INDEX — Bruce Kimball still remembers the storm.
The November 2006 rainstorm was biblical, Kimball remembered. Hour after hour, rain streamed from the sky.
“It was nothing but rain,” Kimball said. “I should have been building an ark.”
He was stranded at his cabin for weeks before getting out.
Seventeen years later, the mood was joyful Saturday aboard a school bus shuttling property owners, Index residents and county employees to a reopened 1-mile section of Index-Galena Road.
Residents have been without normal access since the 2006 flooding wiped out a section of the road, stranding some people for weeks. The damage made it much more difficult for property owners to access their holdings. Drivers could take a 40-mile detour using Beckler River Road, but the route shredded tires and added hours to their trips.
“Today was the best day in 17 years,” said Mick Meissner, who owns a cabin and sliver of property along the Skykomish River’s North Fork, along with her husband, Gary. “It’s a godsend that this is open.”
The new section of Index-Galena Road is smoother, and finally connects Index with expanses of the Wild Sky Wilderness and other parts of Mt. Baker-Snoqualmie National Forest that have been hard to access for almost two decades. The project cost approximately $29 million, and construction took place over a three-year period.
The road was moved up the river bank 80 vertical feet. Rock and soil excavation totaled 52,500 cubic yards. A massive retaining wall spans the length of the new road as it hugs the side of the slope. Almost 5,000 feet of guardrails were installed.
Funding came, mostly, from the federal government. State and county funds were also used.
Legal issues held up construction and planning for a time, as the Sno-King Watershed Council appealed the shoreline permits to a state board in 2019. The appeals were struck down and the road is now widened and paved. There is a new 180-foot bridge. Asphalt from the old washout was removed and new culverts were placed. Trees were planted and habitat was restored.
Two campsites in particular — Troublesome Creek Campground and San Juan Campground — will now be far easier to get to. Blanca Lake will be too, with its stunning turquoise waters.
County Council member and state Rep. Sam Low spoke at the ribbon-cutting, as did county Executive Dave Somers.
“I’m looking forward to next year at Blanca Lake, I see it all the time from the airplane, you look down and you can see that beautiful turquoise,” Low said. “You can count on it this next spring, I’m going to get up and hike along the lake.”
Index Mayor Norm Johnson is also excited about newly available recreational opportunities.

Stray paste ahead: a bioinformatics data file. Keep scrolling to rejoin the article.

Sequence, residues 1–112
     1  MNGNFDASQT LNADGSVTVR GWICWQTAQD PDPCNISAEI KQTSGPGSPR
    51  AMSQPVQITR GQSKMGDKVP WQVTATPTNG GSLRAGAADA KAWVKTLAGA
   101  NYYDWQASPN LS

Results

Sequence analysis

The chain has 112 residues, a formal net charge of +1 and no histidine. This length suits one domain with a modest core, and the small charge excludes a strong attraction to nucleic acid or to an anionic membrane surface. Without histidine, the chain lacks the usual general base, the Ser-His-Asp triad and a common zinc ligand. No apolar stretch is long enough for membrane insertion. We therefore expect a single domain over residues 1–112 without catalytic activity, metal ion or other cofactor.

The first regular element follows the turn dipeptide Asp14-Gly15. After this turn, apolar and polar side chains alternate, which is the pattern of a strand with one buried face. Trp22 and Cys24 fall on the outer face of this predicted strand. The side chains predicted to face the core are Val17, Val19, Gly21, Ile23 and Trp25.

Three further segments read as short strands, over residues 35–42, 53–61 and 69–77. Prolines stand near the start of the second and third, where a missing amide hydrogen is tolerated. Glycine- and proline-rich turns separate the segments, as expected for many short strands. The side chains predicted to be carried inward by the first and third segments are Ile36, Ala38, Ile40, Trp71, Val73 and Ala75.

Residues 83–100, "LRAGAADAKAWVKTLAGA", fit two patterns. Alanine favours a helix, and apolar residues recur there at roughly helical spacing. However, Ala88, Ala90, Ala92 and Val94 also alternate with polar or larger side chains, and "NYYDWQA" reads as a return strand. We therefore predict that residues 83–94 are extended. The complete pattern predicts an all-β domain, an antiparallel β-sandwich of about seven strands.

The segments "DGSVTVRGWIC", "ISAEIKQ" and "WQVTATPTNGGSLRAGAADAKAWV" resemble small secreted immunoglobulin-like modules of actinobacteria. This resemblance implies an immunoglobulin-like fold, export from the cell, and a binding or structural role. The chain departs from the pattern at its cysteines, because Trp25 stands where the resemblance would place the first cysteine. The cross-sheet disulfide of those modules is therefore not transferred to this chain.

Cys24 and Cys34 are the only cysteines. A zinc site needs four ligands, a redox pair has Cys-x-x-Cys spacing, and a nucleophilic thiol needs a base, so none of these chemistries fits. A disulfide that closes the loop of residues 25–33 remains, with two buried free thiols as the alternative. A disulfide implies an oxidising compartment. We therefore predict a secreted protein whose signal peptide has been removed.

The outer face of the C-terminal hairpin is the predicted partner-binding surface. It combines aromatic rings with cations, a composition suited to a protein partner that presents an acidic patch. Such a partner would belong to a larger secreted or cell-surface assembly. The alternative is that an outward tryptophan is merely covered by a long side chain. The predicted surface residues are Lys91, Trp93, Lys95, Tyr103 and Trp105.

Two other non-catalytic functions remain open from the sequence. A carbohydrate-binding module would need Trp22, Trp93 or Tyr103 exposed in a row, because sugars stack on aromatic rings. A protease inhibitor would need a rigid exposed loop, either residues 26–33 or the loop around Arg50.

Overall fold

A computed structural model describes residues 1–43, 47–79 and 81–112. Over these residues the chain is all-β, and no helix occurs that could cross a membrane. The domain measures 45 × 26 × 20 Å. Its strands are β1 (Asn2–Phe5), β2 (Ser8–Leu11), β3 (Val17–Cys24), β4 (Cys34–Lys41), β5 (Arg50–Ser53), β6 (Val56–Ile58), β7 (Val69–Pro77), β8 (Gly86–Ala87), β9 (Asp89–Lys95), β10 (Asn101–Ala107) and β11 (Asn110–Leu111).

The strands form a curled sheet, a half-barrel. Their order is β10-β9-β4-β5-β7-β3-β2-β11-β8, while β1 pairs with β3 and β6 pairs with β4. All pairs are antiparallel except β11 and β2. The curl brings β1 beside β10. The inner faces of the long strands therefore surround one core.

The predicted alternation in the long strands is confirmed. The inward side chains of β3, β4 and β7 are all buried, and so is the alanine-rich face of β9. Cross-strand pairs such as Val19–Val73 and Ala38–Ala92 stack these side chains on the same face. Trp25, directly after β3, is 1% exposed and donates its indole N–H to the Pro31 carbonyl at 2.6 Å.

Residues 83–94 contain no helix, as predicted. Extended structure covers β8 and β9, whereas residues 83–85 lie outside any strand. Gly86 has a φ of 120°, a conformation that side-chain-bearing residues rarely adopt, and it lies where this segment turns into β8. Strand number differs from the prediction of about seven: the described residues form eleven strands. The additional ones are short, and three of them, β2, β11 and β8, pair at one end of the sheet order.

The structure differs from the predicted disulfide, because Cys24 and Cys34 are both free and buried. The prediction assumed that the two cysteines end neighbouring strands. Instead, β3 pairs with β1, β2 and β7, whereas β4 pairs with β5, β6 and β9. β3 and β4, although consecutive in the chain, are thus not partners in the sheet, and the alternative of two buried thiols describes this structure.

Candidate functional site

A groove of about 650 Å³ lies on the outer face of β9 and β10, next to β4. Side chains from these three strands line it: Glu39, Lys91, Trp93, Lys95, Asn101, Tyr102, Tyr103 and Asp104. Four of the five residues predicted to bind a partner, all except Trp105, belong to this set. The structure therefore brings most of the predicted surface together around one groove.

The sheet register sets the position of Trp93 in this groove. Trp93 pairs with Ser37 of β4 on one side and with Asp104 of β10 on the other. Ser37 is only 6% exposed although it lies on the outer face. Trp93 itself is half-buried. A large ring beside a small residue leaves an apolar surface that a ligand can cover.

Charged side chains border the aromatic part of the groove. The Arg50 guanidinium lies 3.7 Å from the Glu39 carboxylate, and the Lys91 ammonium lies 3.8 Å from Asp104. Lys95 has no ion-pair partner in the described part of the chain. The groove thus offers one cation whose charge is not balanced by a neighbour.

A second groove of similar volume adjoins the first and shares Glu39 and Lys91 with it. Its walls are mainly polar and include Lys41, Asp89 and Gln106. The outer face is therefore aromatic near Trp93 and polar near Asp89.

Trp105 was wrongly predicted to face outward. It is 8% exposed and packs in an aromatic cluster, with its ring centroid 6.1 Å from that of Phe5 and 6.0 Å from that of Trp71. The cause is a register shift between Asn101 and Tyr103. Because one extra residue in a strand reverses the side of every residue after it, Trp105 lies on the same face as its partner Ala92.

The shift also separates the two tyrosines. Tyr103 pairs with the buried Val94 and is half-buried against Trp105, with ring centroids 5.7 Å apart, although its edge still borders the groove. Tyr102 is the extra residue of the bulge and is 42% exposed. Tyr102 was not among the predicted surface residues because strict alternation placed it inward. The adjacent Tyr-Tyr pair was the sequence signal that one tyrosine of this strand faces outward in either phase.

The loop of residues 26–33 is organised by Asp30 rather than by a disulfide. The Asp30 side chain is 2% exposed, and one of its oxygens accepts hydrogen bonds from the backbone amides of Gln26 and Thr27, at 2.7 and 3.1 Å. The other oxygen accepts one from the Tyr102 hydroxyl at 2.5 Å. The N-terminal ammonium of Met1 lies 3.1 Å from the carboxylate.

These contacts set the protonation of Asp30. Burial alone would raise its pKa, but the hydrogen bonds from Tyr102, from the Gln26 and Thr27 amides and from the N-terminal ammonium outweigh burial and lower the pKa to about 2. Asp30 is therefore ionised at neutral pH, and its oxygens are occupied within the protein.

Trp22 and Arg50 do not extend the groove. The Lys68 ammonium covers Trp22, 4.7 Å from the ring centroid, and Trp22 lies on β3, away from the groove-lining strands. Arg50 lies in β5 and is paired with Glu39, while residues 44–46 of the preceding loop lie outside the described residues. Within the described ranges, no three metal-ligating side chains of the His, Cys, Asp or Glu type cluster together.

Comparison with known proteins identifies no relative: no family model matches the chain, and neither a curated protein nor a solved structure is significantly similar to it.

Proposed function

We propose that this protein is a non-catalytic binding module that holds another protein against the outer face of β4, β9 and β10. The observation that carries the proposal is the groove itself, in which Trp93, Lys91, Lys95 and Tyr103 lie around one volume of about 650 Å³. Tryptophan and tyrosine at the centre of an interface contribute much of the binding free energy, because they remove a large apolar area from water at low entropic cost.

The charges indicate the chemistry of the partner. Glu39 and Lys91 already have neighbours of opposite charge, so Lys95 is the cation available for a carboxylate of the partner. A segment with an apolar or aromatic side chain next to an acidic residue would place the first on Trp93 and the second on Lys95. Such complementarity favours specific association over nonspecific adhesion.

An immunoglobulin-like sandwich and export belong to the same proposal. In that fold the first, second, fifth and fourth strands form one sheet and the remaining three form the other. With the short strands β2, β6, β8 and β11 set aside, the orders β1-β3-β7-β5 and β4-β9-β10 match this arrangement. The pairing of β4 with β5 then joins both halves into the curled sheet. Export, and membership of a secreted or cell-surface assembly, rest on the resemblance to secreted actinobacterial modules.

“For my own selfish reasons, I love to hunt and fish, so I don’t have to drive around anymore,” Johnson said. “I can access it right out of town and cruise right on up. It’s been a long time since I’ve done the whole complete route.”
The road relocation required extensive cooperation between federal, state and local authorities. It was moved out of the floodplain, and in order to do that, it had to go through Forest Service property.
There is some lingering worry about increased visitors to the area.
“I’m a little concerned about what impacts we might have to the Wild Sky with increased access, but that’s part of the deal,” said Joe Neal, district ranger for the Skykomish Ranger District within Mt. Baker-Snoqualmie National Forest. “We want people out to enjoy the wilderness and reconnect with nature.”
Neal said visitors to the area should remember the essentials checklist, including appropriate footwear, maps, extra food, extra water, extra clothing, emergency items, a first aid kit, a multi-tool or knife and sun protection.
Before the new road, first responders often had to use all-terrain vehicles to get to emergencies in remote areas, Sky Valley Fire Chief Eric Andrews said.
“Having this open is going to cut a lot of time off,” Andrews said. “Before we had to come around the Skykomish side and it’s going to give us a lot better access.”
Andrews said a grant to add Wi-Fi hotspots along the road will help improve response time. He’s worried too about what increased traffic will bring — hiking injuries, medical emergencies at campgrounds and drownings.
Many kayakers frequent the area and several SUVs with boats were already traveling Index-Galena Road on Saturday.
Improved access will benefit local property owners, like Kimball, who said it will now be far easier to get to his place. Prior to the repairs, it was a challenge to get to his property — it included bushwacking, hiking, and crossing the Skykomish River.
He’s kept his website, Skyko.org, updated with local conditions as well as road updates. Prior to the grand unveiling on Saturday morning, he had a countdown clock running with the time left until Snohomish County opened the road.
Kimball said property owners in the area have become used to the quiet. But everyone is glad the road is finally finished.
“Everybody talks about how nice it was, with the peace and quiet, the isolation,” Kimball said. “It’s been unique and interesting and enjoyable as well, but it isn’t practical for the long haul. We’re not always going to be young enough to come in on snowshoes and rock hop the river.”